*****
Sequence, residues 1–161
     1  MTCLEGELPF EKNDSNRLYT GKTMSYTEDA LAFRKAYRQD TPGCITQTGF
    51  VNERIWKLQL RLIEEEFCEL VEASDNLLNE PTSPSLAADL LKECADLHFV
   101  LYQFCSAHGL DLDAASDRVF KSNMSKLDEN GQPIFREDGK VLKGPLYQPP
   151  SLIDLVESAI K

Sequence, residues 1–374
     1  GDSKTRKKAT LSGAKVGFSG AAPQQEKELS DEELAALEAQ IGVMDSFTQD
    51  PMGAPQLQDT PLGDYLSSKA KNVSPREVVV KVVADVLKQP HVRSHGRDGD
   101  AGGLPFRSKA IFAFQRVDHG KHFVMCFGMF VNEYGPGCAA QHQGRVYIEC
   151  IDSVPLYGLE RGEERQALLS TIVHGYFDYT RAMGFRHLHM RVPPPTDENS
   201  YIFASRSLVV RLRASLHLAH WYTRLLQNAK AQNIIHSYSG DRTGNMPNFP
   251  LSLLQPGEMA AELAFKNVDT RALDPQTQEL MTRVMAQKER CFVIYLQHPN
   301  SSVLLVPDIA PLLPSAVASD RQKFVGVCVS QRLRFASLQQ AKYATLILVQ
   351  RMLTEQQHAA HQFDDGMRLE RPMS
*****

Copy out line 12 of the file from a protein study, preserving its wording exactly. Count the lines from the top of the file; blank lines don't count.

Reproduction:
   251  LSLLQPGEMA AELAFKNVDT RALDPQTQEL MTRVMAQKER CFVIYLQHPN